In January, tragedy struck the Los Angeles suburb of Manhattan Beach.
Investigators believe that 24-year-old Michael Nolin killed his girlfriend, 22-year-old Danielle Hagbery, because Hagbery was breaking up with him. Apparently, Nolin then committed suicide.
This murder-suicide story is tragic all the way around. We hear about situations like this all the time. But while the details of this case might still be fuzzy, one thing is for sure: The report published in The Daily Breeze perpetuates the worst of victim-blaming and misguidedly frames the issues.
The story headline reads:
Police believe romantic break-up fueled Manhattan Beach killings.
But romance and break-ups donâ€™t cause murder. Violence and aggression do. Letâ€™s revise and edit, shall we?
An accurate story headline would read:
Police believe violent aggression fueled Manhattan Beach killings.
But the problem doesnâ€™t end with the headline. The article quotes Los Angeles Sheriff’s Departmentâ€™s Lt. Dan Rosenberg who provides so-called tips to women on preventing their own assault.
I would insert a snarky â€œyawnâ€ if the issue wasnâ€™t so absolutely critical!
Daily Breeze reporters Larry Altman and Andrea Woodhouse quote Los Angeles Sheriff Departmentâ€™s Lt. Dan Rosenberg as saying:
â€œDanielle Hagbery’s death should serve as a warning to other young women that they need to look out for themselves â€” such as not going to the boyfriend’s home â€” when a relationship goes sour.
“This is one more tragic end of a dating relationship where these young women should be aware of it,” Rosenberg said. “Ladies need to be vigilant when things go sideways with boyfriends.”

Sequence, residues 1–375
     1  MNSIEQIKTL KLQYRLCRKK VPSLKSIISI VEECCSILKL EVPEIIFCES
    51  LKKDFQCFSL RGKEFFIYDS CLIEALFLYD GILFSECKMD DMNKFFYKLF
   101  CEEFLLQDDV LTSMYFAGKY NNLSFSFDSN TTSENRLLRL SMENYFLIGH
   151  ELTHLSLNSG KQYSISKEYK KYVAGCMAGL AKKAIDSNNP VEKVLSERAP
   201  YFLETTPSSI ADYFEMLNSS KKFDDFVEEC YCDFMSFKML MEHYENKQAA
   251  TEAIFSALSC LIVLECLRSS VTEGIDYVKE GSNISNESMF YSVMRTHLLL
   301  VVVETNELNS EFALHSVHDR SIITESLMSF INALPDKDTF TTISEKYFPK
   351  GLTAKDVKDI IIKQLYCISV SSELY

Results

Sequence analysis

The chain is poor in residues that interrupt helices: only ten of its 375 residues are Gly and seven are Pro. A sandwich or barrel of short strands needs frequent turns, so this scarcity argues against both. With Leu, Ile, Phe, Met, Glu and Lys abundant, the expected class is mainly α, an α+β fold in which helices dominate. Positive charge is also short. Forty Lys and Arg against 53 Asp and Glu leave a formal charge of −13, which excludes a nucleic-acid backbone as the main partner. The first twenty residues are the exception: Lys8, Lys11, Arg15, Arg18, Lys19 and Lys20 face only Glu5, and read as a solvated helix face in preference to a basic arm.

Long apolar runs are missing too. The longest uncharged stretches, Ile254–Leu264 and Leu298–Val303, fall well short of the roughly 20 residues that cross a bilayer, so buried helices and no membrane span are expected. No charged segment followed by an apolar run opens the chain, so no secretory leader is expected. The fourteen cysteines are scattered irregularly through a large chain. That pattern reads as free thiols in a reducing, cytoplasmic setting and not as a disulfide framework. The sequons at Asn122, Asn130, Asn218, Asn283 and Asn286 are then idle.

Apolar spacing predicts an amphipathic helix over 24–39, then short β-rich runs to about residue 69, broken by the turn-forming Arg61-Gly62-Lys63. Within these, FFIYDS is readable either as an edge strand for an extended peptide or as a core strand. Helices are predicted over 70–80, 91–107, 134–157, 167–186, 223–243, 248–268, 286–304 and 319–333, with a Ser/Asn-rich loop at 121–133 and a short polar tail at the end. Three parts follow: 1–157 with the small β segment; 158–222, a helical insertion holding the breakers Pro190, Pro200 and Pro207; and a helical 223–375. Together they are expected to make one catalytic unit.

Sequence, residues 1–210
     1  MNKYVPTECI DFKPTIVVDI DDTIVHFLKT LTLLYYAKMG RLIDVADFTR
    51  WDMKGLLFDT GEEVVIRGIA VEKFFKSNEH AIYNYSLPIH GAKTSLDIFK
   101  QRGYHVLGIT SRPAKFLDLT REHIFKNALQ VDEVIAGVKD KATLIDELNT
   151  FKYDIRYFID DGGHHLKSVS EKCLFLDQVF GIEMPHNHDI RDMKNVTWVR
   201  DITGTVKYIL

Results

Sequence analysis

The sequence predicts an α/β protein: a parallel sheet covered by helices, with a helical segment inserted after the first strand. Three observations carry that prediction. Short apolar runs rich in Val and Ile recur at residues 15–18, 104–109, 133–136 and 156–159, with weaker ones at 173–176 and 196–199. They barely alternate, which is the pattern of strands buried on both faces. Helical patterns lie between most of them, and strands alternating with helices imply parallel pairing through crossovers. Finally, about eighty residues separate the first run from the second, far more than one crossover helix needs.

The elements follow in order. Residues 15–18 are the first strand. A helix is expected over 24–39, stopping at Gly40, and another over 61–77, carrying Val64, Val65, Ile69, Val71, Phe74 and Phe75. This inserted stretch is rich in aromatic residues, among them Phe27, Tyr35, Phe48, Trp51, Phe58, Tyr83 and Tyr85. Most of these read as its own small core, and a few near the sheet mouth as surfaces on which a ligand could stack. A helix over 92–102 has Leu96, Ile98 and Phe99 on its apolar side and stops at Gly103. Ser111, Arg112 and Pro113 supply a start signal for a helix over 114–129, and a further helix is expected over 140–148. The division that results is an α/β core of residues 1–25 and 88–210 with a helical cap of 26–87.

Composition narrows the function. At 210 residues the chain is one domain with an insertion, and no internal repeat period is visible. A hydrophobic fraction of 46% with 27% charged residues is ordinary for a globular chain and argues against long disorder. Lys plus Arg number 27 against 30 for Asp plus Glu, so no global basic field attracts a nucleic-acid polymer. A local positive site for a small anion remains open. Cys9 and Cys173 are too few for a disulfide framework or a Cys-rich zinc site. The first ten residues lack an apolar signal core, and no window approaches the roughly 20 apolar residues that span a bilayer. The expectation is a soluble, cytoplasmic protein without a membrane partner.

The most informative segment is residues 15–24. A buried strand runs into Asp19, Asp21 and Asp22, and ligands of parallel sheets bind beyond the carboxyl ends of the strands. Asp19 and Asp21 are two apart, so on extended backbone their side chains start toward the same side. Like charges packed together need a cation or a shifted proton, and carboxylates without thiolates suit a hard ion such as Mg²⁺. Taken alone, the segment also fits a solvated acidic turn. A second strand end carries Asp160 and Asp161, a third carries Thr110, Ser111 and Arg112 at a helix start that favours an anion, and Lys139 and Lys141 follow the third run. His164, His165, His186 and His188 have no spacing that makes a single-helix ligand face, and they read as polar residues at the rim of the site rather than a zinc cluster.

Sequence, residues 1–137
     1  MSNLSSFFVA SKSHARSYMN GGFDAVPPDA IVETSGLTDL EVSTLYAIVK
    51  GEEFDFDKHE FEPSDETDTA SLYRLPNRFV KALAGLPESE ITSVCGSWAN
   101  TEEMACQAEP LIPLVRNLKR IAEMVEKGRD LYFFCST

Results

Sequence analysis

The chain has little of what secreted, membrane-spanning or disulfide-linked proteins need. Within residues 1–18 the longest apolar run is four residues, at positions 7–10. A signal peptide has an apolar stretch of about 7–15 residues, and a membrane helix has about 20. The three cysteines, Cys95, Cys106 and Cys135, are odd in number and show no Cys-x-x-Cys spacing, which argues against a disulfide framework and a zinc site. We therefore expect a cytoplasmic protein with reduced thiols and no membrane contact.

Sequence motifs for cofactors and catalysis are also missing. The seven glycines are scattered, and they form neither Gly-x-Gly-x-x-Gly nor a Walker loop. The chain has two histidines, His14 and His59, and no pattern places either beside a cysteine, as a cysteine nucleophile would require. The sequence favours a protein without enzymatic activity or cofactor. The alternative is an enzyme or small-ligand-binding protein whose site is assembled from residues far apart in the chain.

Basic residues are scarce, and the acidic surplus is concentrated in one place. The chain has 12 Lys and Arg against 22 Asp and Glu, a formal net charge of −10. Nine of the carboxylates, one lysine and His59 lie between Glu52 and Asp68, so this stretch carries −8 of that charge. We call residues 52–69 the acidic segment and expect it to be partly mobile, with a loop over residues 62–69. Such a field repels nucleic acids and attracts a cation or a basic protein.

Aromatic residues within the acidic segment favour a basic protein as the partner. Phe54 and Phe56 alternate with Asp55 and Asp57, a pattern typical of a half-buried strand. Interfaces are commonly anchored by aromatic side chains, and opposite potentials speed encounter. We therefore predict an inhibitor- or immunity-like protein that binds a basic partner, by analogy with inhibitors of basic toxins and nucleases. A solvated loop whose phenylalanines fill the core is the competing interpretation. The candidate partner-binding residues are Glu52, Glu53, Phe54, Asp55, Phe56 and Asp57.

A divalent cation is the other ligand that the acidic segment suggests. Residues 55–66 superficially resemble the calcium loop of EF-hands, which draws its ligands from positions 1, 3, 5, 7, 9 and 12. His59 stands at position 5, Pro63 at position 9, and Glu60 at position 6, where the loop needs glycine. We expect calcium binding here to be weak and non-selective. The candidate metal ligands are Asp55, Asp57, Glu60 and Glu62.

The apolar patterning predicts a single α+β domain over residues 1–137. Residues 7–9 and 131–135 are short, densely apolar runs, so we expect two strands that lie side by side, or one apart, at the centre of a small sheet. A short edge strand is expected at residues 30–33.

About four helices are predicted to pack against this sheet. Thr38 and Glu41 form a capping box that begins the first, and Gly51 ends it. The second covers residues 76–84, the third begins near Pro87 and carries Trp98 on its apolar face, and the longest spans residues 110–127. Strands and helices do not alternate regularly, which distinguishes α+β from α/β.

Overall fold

I’m willing to accept that Lt. Rosenberg was well-intentioned but seriously misguided. And, if so, then Altman and Woodhouse are complicit in their equally misguided decision to include these “tips” in their article.
Badly informed comments such as Rosenberg’s perpetuate a serious problem: Blaming the victim for her own death. This profoundly shifts the attention from the real issue. Presuming itâ€™s true that boyfriend Michael Nolin killed Hagbery before turning a gun on himself, the warning must not be directed toward victims.
Ladies donâ€™t need to be vigilant. Murderers need to not kill.
If this was in fact an instance of â€œone more tragic end of a dating relationship,â€ then men need to be aware of their own potential for violence and prevent it from happening. The best way to end violence is for the violent person to stop. Prevention is the real solution.
On February 1, 2010 I sent a letter of concern to eight Daily Breeze editors and reporters, and to the Los Angeles Sheriffâ€™s Department. This letter called out the newspaper and the sheriff for what violence-prevention educator Jackson Katz calls linguistic shape shifting, where language obscures menâ€™s responsibility for violence.
The letter of concern includes signatures from authors, professors, public speakers, advocates, and community activists, experts across the country who work in preventing gender-based violence and sexual assault.
The letter concludes by offering support: â€œThere are plenty of community-based resources and educational materials on the subject of preventing male violence against women. Please do not hesitate to be in touch if you would like to avail yourself to our services and resources.â€
To date, not one of the individuals or agencies receiving this letter have replied. The silence is deafening.